Warming up for Sunburn
For the last one year, Aniket Bharadia, 20, has skimped on eating out, avoided buying his favourite game CDs, even helped friends with odd-jobs and internships to collect Rs17,000.mumbai Updated: Jan 23, 2012 19:50 IST
For the last one year, Aniket Bharadia, 20, has skimped on eating out, avoided buying his favourite game CDs, even helped friends with odd-jobs and internships to collect Rs17,000.
The sizeable sum is what Bharadia needed to book a special student package to Sunburn, the electronic dance music festival taking place in Goa from December 27 to 29.
“I have done everything I could think of to save my pocket money and earn a little extra cash, so that I could go to Sunburn, which can work out an expensive proposition for a student,” he said.
“Luckily, I managed to save just enough, and could avail of the student offer they are providing, which includes accommodation, passes and airfare,” added the student of Jai Hind College.
Bharadia is among hundreds of Mumbai college students who have planned their year around their trip to Sunburn, which has, since its inception in 2007, grown into one of the most popular music festivals of its kind in Asia.
Last year, over 46,000 people visited the festival, which brings together musicians and DJs from all over the world for three days of trance music, flashing lights, endless parties and high-energy entertainment.
Rahul Malhotra, 20, and his friends made the arrangements for their trip in July, going to every extent imaginable to make their Sunburn experience perfect. “We were getting free accommodation in Goa at a nice resort through a friend, but instead opted to pay for a strictly decent hotel because it is seconds away from the venue. We have even started our own Facebook page to appreciate and share the kind of music they play there,” added the student of Lala Lajpat Rai College, Haji Ali. He has been attending the festival for the last three years.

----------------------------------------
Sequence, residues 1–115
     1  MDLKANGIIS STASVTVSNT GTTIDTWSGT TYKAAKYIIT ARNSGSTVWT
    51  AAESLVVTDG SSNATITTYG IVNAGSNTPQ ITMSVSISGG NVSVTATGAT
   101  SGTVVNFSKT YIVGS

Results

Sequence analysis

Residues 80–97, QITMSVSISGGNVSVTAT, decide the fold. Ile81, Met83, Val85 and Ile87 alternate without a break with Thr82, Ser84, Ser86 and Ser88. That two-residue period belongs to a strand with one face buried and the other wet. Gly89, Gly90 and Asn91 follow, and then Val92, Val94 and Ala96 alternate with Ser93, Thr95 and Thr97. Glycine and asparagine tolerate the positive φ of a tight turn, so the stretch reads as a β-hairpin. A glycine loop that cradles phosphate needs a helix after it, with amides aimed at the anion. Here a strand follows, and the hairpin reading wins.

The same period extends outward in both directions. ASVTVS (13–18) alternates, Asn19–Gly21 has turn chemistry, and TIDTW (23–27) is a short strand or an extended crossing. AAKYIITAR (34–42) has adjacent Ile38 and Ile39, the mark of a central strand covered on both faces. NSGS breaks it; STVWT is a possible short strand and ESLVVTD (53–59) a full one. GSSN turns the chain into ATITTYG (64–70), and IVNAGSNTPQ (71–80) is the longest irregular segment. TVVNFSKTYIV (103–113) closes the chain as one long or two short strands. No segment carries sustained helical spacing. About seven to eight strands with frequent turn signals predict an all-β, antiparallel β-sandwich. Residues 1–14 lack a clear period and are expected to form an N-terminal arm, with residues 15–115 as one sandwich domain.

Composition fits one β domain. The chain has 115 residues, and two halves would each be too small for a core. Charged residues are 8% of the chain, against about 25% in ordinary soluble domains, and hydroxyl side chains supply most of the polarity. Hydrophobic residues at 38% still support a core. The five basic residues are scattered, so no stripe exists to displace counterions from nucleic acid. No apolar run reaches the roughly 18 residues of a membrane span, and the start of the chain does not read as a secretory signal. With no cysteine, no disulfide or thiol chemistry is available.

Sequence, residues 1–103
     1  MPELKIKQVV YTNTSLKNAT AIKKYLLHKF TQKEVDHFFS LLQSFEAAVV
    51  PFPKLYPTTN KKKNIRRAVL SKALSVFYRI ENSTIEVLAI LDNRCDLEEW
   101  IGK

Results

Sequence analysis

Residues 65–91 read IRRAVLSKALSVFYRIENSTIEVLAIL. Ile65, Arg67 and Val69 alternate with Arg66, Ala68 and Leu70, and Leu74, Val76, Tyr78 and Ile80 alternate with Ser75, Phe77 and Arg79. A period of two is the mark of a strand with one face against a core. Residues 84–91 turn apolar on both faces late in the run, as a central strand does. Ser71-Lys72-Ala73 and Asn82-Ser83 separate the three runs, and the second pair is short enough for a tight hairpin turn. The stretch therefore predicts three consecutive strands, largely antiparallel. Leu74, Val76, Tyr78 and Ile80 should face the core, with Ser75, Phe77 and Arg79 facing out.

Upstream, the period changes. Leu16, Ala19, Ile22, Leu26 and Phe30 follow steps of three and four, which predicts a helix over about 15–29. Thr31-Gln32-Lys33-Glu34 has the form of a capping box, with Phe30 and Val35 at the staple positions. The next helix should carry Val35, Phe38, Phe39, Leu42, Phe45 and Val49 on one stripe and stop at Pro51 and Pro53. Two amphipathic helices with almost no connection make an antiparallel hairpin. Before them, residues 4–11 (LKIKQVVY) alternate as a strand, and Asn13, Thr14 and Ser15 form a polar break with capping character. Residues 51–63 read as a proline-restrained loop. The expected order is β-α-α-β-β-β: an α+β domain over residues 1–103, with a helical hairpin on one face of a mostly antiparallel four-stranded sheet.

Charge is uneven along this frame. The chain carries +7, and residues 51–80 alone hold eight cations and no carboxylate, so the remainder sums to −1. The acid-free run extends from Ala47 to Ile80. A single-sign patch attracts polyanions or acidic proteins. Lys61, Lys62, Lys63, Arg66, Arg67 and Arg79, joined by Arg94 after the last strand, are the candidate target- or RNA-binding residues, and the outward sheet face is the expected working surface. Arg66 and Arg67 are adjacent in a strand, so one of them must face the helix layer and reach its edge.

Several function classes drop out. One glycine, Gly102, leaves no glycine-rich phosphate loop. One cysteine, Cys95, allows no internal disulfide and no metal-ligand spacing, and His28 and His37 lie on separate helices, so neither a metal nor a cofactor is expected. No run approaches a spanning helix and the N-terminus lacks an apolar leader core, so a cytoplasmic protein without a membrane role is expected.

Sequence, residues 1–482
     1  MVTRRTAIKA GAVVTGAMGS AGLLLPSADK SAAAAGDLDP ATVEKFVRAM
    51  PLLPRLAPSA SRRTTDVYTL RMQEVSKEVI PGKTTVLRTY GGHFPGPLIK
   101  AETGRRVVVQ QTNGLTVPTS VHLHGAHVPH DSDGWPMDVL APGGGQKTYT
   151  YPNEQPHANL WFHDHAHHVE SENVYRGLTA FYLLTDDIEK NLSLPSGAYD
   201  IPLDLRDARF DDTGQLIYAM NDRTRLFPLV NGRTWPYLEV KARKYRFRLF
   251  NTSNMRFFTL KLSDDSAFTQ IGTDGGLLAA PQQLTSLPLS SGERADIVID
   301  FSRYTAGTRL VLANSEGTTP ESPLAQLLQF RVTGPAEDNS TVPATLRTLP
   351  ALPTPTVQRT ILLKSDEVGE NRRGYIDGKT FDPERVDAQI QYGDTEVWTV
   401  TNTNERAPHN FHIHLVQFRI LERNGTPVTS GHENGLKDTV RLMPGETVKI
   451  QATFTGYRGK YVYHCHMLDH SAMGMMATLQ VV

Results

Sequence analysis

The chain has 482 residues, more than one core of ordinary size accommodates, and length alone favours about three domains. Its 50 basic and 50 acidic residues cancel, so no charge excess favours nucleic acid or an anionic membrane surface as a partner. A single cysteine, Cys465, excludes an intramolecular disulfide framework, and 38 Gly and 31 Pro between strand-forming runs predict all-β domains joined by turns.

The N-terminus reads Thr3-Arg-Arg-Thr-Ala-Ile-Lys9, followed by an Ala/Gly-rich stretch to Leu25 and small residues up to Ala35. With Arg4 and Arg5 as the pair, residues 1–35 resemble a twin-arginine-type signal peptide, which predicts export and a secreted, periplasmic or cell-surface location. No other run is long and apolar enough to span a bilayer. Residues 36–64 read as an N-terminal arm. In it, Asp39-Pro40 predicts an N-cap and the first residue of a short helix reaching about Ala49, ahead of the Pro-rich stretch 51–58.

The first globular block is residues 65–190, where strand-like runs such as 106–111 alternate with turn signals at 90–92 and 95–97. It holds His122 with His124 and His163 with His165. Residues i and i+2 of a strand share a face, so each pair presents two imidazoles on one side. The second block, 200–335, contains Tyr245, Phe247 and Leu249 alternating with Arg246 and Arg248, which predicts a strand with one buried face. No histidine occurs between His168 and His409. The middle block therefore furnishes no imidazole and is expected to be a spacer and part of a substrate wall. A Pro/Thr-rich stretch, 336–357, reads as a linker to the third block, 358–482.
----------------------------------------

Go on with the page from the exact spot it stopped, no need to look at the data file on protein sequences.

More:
Student packages, contests and promises of strict security have made Sunburn a viable holiday attraction for students, who previously found it difficult to get permission to attend such events.
“When I wanted to go last year, I had to convince my parents but now they are comfortable with me going. It is safe for us to go there as long as we stick to our friends and avoid doing anything silly,” said Charvi Bubna, 20.
Sunburn is not the only music festival to have created a buzz on campuses. The multi-genre event, NH7 Weekender, which took place in Pune, last month, drew hundreds of collegians from the city.
“At least 50 % of the people there were college students,” said guitarist Daniel Rego, who performed there with his band Demonic Resurrection.
“I think the appeal of such events is the atmosphere and the freedom, thrill and experience of attending them,” he added.